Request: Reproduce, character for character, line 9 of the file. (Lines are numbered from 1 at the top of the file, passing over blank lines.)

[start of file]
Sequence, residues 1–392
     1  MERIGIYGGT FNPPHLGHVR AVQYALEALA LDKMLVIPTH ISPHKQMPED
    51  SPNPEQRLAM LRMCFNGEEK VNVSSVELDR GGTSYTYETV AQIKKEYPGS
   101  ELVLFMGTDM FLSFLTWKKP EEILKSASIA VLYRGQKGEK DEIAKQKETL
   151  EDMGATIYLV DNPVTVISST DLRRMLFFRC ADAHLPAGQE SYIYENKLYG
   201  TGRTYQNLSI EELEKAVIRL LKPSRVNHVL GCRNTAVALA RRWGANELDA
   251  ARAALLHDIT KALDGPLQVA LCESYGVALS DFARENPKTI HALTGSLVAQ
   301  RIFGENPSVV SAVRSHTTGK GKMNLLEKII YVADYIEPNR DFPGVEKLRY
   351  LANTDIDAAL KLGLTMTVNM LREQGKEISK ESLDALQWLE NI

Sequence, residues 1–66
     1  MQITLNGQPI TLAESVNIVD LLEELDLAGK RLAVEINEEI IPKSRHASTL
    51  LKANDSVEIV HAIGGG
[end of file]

   351  LANTDIDAAL KLGLTMTVNM LREQGKEISK ESLDALQWLE NI